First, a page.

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Thu May 16, 2019, 11:32 AM

Forensic Experts Find 'No Evidence' That Houston Narcs Who Killed Dennis Tuttle and Rhogena Nicholas

The physical evidence at the scene seems inconsistent with the story told by the officers who conducted the no-knock drug raid.

The Houston narcotics officers who invaded a middle-aged couple's home on January 28, serving a no-knock drug warrant based on a fraudulent affidavit, claimed they killed Dennis Tuttle and Rhogena Nicholas in self-defense. A recent forensic inspection of the house, commissioned by the couple's relatives, casts doubt on that account and reinforces the suspicion that at least some of the four officers who suffered bullet wounds were shot by their colleagues.

According to the cops who served the warrant, which was based on a "controlled buy" of heroin that apparently never happened and authorized a search that found no evidence of drug dealing, Tuttle began shooting at them with a .357 Magnum revolver immediately after the first officer through the door used a shotgun to kill a dog that confronted him as he entered the house. They say the officer with the shotgun collapsed on a couch after a round from Tuttle's gun struck him, at which point Nicholas moved to disarm him, prompting the cops to shoot her twice. Tuttle continued firing, we are told, until he died in a hail of bullets that struck him at least eight times.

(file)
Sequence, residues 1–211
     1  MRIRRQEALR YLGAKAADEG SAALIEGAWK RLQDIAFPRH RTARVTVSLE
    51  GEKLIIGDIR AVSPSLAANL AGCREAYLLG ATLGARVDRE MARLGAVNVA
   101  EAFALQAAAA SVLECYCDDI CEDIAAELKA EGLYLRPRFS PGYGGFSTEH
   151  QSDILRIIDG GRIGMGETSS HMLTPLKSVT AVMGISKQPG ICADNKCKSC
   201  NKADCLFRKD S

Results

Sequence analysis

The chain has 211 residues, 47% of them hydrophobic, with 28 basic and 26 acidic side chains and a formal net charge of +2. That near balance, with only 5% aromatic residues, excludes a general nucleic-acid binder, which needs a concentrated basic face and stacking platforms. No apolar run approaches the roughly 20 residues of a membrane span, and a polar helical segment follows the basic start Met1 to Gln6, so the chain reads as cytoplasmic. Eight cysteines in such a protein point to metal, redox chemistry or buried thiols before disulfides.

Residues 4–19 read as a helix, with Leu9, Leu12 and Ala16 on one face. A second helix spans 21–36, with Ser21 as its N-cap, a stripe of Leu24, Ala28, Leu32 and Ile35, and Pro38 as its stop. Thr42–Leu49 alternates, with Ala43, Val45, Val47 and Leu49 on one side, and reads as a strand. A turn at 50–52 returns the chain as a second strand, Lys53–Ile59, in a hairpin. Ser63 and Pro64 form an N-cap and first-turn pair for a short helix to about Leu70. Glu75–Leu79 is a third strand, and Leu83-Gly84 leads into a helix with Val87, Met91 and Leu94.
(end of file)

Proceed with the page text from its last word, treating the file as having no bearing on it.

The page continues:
Even taking this account at face value, the officers started the gunfight by breaking into the house without warning and shooting the dog, a reckless entry that invited confusion. It is not clear that Tuttle knew the armed intruders, who were not wearing uniforms and did not announce themselves before storming into the house, were police officers. Nor is there any body camera footage of the raid that might shed light on that question.

But there is physical evidence at the house, which seems inconsistent with the story told by the narcotics officers. Houston Chronicle reporters Keri Blakinger and St. John Barned-Smith say a forensics team that the Tuttle and Nicholas families hired, headed by Mike Maloney, a retired supervisory special agent with the Naval Criminal Investigative Service, "found no indication that any of the guns Tuttle owned were fired toward the front of the house at incoming police."


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